This Australian company 3D scans actors–and even chickens–inside its kitted up truck

Meet Avatar Factory. They can scan just about anywhere.

These days, so many of the films and series we watch contain visual effects. Everything from superhero fights and flights, to other more invisible effects, can involve digital doubles of actor or CG props, for example. These need to be built, and a starting point is often a 3D scan taken during filming.

Avatar Factory is an Australian company that carries out 3D body scans and prop scans using photogrammetry via its mobile, cross-polarised scanning truck. That means it can scan, well, almost anything just about anywhere. According to CEO and CTO Mark Ruff, Avatar Factory has scanned “talent, walking frames, cameras on tripods, shields, swords and even chickens!”

See the Avatar Factory truck in operation.

How does it work?

Avatar Factory’s truck houses what is known as a photogrammetry booth. It’s an array of digital still cameras and lights that surround an actor or prop and takes many photos from different angles all at the same time. The truck has recently been used for scanning actors and props on projects such as God’s Favorite Idiot, La Brea and Shantaram.

The photogrammetry booth is located inside the Avatar Factory truck.

During a scanning session, the actor walks into the truck, strikes a pose, or a prop is positioned in the truck, and the cameras are triggered. When the photographs from the cameras are combined together with specialised software, the result is a photo-realistic 3D model that can be then taken further into the VFX or CG world.

The booth inside Avatar Factory’s truck consists of 162 Nikon DSLRs. CaptureGRID software handles file management. In fact, the download of 162 cameras takes place in only 30 seconds. A set of radio with precise offset timing controls synchronisation of the system. And as part of any body scanning, Avatar Factory can also provide dedicated FACS or facial scans, with 50 of the cameras being tuned for the face and head.

3D model, meshed and textured, as derived from the photogrammetry scan.

So, the scan happens, what next? Avatar Factory will provide the scan data in just about any format a client requests. Typically, this is as OBJ or FBX files. “We have three workstations each with a Reality Capture Enterprise licence and can process up to 24 models in a day,” outlines Ruff, who was previously a Time Splice rig (bullet time) specialist. “We check every file for scale and orientation before delivery.”

What being mobile means

The truck Avatar Factory uses for 3D scanning is ready to shoot in around one hour upon arrival at any location. This also means it can ‘follow’ production as the shoot continues. Ruff advises that the ‘mobile-ness’ of the truck is possible because of its independent power options.

The truck set up in Byron Bay for filming.

“The truck has 3-phase power, either via mains grid or with our 33kVa generator,” says Ruff. “When we hit the trigger button, the flashes discharge, the cameras download, the computers are working hard and the flash heads re-charge. During this half-second instance we draw 43 amps per phase!”

Meanwhile, the truck is able to go wherever a grip or lighting truck can go, both at a studio or on location. One thing Ruff has found with production experience is that he might be bumping in when the main unit was exiting. “No need to bother them with supplying power. We can bump in and test at our leisure and be ready for production.”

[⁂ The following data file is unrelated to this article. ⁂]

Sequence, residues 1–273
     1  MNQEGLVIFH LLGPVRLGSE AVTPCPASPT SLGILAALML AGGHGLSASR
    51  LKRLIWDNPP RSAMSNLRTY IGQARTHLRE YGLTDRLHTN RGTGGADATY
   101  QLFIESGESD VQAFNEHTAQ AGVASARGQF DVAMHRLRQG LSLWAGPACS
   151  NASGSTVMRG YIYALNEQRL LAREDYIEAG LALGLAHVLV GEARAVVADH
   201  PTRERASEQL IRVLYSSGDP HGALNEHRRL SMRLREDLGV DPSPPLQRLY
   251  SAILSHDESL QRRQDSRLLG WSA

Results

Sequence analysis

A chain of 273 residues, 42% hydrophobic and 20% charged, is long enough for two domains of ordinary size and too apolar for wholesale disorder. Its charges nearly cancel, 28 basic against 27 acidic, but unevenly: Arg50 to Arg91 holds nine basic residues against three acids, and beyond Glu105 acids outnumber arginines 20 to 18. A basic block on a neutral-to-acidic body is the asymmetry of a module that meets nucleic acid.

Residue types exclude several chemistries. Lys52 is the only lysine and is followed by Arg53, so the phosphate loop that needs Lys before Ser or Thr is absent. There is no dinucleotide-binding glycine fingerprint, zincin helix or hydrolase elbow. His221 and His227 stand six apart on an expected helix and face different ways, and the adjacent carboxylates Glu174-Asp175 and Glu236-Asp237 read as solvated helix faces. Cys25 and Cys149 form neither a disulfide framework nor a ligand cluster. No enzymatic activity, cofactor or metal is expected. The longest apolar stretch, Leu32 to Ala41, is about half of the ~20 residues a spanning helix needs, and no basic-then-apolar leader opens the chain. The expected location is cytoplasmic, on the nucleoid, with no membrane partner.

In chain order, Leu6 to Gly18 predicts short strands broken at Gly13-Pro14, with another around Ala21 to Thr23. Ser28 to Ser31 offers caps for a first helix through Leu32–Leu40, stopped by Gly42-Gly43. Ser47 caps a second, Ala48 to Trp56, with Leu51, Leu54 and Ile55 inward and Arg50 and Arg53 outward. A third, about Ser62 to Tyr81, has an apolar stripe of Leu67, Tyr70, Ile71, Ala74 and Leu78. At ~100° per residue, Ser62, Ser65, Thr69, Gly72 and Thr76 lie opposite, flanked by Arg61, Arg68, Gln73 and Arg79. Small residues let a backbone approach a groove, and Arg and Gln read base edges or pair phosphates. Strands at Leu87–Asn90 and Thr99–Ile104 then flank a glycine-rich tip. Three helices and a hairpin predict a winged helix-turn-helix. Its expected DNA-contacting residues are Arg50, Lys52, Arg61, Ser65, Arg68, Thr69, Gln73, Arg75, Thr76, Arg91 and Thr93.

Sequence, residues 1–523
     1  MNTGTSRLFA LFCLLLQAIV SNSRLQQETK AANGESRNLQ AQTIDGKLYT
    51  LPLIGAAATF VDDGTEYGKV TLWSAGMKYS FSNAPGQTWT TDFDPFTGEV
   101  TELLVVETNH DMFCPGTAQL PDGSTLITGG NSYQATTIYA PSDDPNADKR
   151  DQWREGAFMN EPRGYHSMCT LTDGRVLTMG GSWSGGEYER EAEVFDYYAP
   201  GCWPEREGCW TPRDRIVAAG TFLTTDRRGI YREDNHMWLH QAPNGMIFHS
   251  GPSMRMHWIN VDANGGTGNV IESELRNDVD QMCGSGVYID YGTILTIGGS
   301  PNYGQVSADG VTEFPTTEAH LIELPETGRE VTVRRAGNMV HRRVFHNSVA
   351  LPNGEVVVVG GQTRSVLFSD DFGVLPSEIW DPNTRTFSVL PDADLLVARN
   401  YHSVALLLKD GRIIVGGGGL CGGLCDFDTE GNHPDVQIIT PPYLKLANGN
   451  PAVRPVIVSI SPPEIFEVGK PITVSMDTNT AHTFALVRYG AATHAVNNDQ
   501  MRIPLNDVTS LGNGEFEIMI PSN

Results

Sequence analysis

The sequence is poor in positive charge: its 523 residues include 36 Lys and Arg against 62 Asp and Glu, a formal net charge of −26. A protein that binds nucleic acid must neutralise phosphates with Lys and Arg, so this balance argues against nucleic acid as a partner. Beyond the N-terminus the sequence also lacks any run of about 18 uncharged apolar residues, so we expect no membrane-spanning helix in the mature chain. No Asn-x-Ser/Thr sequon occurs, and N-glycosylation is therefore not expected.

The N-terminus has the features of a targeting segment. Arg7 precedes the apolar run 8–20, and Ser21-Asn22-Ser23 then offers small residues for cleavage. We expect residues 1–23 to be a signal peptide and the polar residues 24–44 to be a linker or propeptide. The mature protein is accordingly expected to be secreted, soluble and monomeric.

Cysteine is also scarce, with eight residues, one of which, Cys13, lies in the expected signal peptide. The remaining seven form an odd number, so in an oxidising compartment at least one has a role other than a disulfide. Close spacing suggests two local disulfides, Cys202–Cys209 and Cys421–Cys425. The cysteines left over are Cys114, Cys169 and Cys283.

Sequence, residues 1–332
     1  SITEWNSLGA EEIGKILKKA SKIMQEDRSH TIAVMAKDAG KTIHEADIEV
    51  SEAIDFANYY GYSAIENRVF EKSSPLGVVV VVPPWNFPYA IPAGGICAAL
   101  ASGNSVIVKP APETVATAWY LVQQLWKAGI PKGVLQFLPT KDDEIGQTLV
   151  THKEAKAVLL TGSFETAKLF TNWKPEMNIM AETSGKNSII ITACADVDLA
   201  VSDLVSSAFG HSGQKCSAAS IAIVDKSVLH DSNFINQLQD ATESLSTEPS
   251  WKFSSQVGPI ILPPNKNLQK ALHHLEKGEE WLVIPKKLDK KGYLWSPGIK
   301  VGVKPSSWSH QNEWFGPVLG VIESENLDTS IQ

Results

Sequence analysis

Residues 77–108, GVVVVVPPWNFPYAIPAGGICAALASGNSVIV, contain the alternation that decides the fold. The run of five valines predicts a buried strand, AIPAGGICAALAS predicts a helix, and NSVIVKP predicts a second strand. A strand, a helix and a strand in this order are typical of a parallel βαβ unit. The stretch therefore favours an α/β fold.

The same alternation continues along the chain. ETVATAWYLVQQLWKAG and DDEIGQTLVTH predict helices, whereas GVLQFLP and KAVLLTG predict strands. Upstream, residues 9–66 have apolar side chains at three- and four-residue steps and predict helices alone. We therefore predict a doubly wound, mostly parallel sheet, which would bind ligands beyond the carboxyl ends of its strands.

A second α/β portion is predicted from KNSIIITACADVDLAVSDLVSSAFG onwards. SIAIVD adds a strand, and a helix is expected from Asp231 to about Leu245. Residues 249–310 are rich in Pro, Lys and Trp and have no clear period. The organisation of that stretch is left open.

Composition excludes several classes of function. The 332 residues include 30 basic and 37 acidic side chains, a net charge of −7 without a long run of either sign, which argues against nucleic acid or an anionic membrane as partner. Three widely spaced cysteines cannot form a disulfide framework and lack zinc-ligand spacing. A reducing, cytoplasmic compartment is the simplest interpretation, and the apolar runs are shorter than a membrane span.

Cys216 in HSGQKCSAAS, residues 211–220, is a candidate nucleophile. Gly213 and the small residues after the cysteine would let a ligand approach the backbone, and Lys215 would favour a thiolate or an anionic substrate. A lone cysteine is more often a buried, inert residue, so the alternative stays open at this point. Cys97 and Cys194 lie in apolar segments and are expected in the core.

Workstations inside the Avatar Factory truck.

“Also,” adds Ruff, “a facility like Docklands Studios Melbourne, for example, can be in heavy demand, with sometimes four productions occurring at the same time. There might be no studio space or even admin space to set up a scanning rig. So, just being able to bump in, shoot and leave on the same day can be of great benefit to production–no headaches.”

A key to success: cross-polarisation

Avatar Factory’s 3D scanning set-up is cross-polarised. This means that the lighting is polarised and the cameras are polarised. “The result,” explains Ruff, “is that light becomes de-polarised when it strikes the subject–the talent–that is, the cameras only see the light that is reflected off the subject and not the lighting.”

On the left, a still with no polarisation, compared with cross-polarisation on the right.

“This seems counter intuitive,” offers Ruff, “but lighting can get in the way of image making. The result is that even though the subject is lit from many angles, the background appears very dark or black.”

Meanwhile, since the lighting for a 3D scan needs to be very flat to help the process, Avatar Factory’s truck uses ceiling to floor lighting panels. “Most operators use strip light soft boxes which is not as flat as our ‘wall to wall’ lighting,” notes Ruff.

It’s a family affair

What you also get by having Avatar Factory (now an Ausfilm member) as your 3D scanning solution is a family team. “Kate, my wife, is data wrangler and checker,” details Ruff. “Chloe, the eldest daughter, is producer and talent interface. Amy, the youngest daughter, is the creative and does a great job on slating, documenting, unit stills and processing.”

The Avatar Factory family.

“It is a rare commodity in the industry. At the moment, we all live under the same roof. It might seem crazy to many, but it works.”

To find out more about Avatar Factory’s mobile 3D scanning in Australia, head to their website at

Brought to you by Avatar Factory: This article is part of the befores & afters VFX Insight series. If you’d like to promote your VFX/animation/CG tech or service, you can find out more about the VFX Insight series here.
Need After Effects and other VFX plugins? Find them at Toolfarm.

Leave a Reply